LKS Quaero is offering a complete package of Council Transition Support for amalgamating NSW Councils. This is part of a series of interviews in which our transition expert team members pass on some key nuggets of advice.
Sam Robinson works in leadership development, change management, organisational structure, and culture. As a consultant, Sam has worked in very diverse settings, including Antarctica and Malaysia; across the NFP, resources, and logistics sectors; and in local government in NSW, SA and WA. Sam is LKS Quaero’s Director, Leadership and Culture, and a lead facilitator of LKS Quaero’s training programs. Here is his advice for leaders of amalgamating Councils in NSW.
What are the key leadership and culture challenges in upcoming amalgamations in NSW?
There’s lots to do. Part of the challenge is knowing where to start and maintaining momentum on the most important aspects of culture and leadership in the new entity despite a range of competing priorities.
It is always a good idea to start with an honest look at the current state of culture in the organisation – we have seen that, in past amalgamations, inadequate emphasis on developing a new coherent organisational culture can spell disaster. In many Councils affected by amalgamation in the past, we still to this day see different arms of the organisations perceiving themselves very much as stand-alone entities, with resultant impacts on levels of cooperation and productivity.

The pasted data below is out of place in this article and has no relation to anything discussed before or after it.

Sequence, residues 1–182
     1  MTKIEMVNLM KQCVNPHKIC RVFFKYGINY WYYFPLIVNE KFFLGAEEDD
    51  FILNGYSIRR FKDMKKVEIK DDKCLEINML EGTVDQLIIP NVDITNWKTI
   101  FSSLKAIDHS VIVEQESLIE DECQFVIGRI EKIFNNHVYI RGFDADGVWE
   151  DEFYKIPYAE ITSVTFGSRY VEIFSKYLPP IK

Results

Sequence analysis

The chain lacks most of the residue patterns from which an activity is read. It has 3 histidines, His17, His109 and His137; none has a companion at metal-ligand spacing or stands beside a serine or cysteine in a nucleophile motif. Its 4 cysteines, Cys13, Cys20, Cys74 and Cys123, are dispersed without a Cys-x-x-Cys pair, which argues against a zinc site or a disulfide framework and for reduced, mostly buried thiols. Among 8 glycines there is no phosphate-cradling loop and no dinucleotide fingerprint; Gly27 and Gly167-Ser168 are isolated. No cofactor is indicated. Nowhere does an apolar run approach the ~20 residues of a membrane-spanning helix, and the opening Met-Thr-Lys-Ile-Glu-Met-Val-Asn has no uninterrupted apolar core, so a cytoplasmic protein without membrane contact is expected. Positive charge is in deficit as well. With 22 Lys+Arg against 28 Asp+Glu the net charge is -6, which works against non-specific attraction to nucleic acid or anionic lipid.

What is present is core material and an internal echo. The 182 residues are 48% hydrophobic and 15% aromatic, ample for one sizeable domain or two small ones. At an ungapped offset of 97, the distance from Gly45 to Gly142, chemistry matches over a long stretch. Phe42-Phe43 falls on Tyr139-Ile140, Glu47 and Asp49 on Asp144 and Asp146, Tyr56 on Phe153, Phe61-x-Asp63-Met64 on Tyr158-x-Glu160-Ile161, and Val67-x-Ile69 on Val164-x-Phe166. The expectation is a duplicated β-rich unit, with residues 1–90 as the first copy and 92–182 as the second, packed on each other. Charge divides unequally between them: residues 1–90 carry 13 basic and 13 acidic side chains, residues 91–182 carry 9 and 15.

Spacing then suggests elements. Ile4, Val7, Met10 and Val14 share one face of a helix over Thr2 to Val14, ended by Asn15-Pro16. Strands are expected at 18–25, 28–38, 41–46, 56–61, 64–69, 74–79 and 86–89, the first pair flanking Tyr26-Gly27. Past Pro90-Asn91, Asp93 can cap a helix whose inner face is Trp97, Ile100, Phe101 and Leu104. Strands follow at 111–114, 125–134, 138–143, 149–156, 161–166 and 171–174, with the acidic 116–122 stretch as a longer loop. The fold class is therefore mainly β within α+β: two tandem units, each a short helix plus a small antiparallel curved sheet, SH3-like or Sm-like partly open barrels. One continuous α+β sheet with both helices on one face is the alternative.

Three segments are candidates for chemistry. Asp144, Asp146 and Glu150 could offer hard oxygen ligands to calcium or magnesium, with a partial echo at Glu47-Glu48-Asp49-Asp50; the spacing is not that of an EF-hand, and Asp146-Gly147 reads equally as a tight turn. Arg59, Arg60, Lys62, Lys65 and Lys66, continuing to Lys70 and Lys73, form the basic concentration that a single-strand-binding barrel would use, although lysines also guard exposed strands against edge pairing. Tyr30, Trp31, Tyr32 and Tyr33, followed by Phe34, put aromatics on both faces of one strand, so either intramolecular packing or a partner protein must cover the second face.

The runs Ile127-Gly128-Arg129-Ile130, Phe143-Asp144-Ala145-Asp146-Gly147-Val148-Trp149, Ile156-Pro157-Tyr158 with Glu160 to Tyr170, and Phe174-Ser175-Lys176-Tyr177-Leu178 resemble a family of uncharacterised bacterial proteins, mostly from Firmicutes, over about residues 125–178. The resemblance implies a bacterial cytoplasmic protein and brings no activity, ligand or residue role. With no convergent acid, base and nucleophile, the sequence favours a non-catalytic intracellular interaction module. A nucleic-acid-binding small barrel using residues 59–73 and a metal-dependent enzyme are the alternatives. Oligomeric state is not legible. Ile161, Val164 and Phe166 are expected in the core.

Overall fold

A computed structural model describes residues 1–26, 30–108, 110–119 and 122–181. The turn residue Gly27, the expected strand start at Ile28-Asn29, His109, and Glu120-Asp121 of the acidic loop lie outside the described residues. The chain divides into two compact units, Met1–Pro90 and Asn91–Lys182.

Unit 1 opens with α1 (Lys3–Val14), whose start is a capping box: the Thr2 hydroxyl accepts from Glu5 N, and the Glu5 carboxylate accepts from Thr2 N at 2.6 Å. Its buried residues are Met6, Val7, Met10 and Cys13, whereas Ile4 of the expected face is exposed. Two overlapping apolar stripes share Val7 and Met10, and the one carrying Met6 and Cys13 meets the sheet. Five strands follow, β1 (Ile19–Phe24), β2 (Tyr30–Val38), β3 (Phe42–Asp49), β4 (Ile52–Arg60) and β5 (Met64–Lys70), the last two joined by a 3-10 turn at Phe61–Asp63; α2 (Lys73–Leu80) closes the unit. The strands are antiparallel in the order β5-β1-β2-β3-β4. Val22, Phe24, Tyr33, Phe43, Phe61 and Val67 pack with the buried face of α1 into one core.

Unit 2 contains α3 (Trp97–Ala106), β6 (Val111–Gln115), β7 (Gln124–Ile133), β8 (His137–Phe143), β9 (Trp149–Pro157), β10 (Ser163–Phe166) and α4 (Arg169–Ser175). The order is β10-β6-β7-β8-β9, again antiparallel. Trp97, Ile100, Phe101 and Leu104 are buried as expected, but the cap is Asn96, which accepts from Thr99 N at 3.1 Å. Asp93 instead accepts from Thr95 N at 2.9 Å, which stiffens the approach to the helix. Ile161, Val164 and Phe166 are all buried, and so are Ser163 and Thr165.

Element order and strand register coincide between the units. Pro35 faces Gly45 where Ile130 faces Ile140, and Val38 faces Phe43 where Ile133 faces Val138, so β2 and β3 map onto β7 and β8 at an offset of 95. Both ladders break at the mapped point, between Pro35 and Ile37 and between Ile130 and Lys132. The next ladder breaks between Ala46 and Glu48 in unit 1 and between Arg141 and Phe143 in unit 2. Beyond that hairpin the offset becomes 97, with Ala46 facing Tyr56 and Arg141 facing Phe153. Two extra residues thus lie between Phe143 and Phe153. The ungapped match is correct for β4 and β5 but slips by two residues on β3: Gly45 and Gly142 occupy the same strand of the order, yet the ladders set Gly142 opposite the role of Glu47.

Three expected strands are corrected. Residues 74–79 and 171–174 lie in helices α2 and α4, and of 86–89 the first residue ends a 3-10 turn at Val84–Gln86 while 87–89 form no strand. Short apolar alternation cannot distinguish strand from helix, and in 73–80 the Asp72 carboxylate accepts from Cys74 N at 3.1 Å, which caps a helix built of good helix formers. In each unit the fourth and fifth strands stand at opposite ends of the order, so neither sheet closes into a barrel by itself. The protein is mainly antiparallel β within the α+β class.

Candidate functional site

This is not simply a matter of articulating a new set of values and behaviours; it is an honest assessment of what beliefs are currently held across the organisation – positive and negative – and why those beliefs are held. This can be about anything, including what some might think of as “small” but is that actually critically important (for example, who gets parking spaces and who gets an office). Once you understand the current state in detail, you can then work on a plan of what to keep and what you don’t want in the new organisation, as well as new shared positive beliefs. By doing this, you can build up an exciting picture of the desired state of organisational culture. The leadership challenge then becomes pretty straightforward: developing leaders to see themselves as critically important actors in changing culture.